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    Samsung Pay: Most Major Credit Cards Are Accepted
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    Samsung Pay: Most Major Credit Cards Are Accepted

    Although more credit card companies will need to be added in the coming months, Samsung has done a fine job of getting credit card support to this point. As of this writing, Samsung Pay works with cards from American Express, Bank of America, Citi, USBank, MasterCard and Visa. That should just about cover at least one card in the user's wallet.
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    Apple Pay: Expect Most Major Credit Cards to Be Accepted
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    Apple Pay: Expect Most Major Credit Cards to Be Accepted

    A slew of credit card and debit card companies offer Apple Pay support, including both large and small institutions, such as local banks, ranging from Bank of America to Salem Five Bank. Apple Pay even includes support for reward cards at major retailers. Apple Pay has exceedingly strong support, and it's getting better by the day.
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    Samsung Pay: There's No In-App Support Yet
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    Samsung Pay: There's No In-App Support Yet

    Interestingly, Samsung has decided to focus its service on in-store purchases, which means users won't be able to use Samsung Pay for online or in-app buys. It's possible—and indeed likely—that in-app purchase support will be added in the future, but for now, Samsung Pay is in-store only.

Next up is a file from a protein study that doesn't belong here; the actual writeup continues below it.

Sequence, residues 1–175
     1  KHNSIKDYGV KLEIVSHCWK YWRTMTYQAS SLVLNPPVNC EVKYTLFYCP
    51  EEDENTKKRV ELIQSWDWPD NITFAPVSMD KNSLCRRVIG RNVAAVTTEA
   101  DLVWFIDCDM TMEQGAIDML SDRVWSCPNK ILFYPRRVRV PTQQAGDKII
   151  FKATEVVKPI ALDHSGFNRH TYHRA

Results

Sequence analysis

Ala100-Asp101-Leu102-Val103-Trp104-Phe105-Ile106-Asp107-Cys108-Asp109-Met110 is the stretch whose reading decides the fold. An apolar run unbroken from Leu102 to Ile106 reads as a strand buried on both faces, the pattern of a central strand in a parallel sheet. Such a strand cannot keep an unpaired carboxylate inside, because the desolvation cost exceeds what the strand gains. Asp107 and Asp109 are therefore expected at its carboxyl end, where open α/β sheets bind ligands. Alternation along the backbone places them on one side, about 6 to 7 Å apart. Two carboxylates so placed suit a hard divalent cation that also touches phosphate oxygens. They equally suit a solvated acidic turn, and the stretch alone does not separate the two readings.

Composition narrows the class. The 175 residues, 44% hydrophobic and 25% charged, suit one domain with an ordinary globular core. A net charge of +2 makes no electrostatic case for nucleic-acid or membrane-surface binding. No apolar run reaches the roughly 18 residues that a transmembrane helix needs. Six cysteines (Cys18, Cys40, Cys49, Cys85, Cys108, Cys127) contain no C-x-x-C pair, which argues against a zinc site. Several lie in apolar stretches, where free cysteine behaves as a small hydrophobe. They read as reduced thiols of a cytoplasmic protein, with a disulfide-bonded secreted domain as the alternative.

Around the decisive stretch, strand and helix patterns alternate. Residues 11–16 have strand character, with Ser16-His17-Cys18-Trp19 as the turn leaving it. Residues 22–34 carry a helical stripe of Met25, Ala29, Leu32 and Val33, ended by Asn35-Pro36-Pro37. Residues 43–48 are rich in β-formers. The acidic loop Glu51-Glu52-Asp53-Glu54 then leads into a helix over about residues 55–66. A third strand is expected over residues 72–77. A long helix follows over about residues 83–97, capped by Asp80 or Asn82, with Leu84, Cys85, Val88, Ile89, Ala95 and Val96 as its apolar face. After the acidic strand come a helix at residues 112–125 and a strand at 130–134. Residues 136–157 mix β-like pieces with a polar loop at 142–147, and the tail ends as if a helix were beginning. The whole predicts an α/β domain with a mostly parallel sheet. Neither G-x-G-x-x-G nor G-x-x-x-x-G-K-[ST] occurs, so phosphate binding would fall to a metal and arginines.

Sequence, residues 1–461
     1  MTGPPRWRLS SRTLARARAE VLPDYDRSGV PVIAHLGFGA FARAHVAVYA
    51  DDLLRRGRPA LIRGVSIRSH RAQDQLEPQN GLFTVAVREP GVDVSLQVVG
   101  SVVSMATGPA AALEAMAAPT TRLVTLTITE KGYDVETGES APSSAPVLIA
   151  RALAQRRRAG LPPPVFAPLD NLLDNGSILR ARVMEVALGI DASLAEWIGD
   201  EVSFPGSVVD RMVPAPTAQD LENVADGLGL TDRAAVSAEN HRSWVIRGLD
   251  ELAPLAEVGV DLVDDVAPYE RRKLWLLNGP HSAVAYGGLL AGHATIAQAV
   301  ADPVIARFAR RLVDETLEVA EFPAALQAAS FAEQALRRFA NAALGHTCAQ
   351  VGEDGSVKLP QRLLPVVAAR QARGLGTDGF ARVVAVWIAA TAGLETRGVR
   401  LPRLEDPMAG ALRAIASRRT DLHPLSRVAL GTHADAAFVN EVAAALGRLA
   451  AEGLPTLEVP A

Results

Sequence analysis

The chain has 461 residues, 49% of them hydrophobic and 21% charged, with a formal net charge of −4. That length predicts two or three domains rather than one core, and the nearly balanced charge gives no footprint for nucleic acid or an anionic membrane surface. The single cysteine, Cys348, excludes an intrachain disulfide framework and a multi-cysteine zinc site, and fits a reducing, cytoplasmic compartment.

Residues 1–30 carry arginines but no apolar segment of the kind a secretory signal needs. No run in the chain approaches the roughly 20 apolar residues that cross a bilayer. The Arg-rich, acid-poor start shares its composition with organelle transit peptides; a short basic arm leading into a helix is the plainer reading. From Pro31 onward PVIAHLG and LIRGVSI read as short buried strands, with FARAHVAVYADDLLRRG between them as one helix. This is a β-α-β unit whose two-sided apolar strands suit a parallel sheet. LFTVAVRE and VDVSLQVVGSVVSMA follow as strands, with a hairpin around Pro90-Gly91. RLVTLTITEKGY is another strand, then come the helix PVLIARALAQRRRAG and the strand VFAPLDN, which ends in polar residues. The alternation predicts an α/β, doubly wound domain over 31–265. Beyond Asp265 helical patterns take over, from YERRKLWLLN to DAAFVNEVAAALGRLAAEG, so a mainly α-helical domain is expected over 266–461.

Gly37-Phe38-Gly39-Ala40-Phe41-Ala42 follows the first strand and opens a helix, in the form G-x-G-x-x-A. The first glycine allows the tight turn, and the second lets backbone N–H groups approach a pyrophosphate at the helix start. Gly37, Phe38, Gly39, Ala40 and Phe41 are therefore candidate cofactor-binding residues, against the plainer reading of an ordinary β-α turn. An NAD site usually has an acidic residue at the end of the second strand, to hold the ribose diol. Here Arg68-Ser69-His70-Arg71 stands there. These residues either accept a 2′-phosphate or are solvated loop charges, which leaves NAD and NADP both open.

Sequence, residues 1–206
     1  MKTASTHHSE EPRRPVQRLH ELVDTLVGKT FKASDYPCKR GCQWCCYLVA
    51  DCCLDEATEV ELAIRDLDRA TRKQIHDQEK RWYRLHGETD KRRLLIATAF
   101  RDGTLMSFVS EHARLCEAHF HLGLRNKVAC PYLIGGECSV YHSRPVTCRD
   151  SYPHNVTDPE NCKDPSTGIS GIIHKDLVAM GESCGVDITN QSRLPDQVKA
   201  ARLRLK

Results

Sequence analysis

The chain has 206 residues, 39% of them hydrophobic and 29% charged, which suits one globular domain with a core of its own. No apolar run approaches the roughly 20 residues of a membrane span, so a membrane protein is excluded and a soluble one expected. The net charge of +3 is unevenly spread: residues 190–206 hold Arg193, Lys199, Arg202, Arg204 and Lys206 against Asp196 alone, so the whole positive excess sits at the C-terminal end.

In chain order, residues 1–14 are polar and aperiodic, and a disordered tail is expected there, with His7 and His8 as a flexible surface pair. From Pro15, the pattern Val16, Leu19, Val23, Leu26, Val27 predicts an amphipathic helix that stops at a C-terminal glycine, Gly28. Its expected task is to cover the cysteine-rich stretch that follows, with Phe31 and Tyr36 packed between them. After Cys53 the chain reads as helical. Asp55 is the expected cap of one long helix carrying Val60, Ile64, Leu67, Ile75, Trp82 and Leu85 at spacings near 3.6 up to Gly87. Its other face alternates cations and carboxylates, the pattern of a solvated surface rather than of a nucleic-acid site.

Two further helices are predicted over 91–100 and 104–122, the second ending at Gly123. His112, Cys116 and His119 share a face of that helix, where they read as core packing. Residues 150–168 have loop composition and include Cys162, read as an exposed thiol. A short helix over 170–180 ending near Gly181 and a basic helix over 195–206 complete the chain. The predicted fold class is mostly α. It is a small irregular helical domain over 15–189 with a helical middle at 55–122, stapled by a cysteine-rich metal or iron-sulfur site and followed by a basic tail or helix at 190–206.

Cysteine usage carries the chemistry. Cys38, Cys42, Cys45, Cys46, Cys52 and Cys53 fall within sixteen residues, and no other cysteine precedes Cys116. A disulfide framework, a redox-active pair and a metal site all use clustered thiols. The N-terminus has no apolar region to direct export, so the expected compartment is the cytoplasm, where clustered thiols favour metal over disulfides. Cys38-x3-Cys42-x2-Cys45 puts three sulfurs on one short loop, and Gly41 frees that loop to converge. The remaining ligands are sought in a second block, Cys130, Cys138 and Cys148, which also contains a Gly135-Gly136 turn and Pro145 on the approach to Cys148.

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    Apple Pay: There Is In-App Support
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    Apple Pay: There Is In-App Support

    One of the major differences between Apple Pay and Samsung Pay is that the former comes with full in-app support. So, customers who want to make purchases from an application can do so from their supported Apple products. Over time, Samsung will likely catch up, but for now, that could be a major factor in how people end up using the different solutions.
 

Samsung and Apple just can't seem to get out of each other's way. The two arch-rivals are battling for global smartphone supremacy, they have their own application marketplaces, they're in court over patents, and now, they're gunning for each other in the mobile wallet market. Samsung Pay launched on Sept. 28 in direct competition with Apple Pay. Both services allow users to make payments from smartphones at supported credit card machines, and there's a hope among the companies that they'll be able to generate significant revenue on each transaction they facilitate. The two companies take a different tack to mobile payments although both have similar security approaches. Apple Pay does have the slight advantage of being around about a year longer than Samsung Pay. The latter is still adding capabilities, such as in-app support—which Apple Pay already has. Although Apple Pay and Samsung Pay are fighting against countless competitors, they may ultimately have the best chances of success. We look at Apple Pay and Samsung Pay and some of the key factors that will ultimately determine their chances of success.

 
 
 
 
 
Don Reisinger is a freelance technology columnist. He started writing about technology for Ziff-Davis' Gearlog.com. Since then, he has written extremely popular columns for CNET.com, Computerworld, InformationWeek, and others. He has appeared numerous times on national television to share his expertise with viewers. You can follow his every move at http://twitter.com/donreisinger.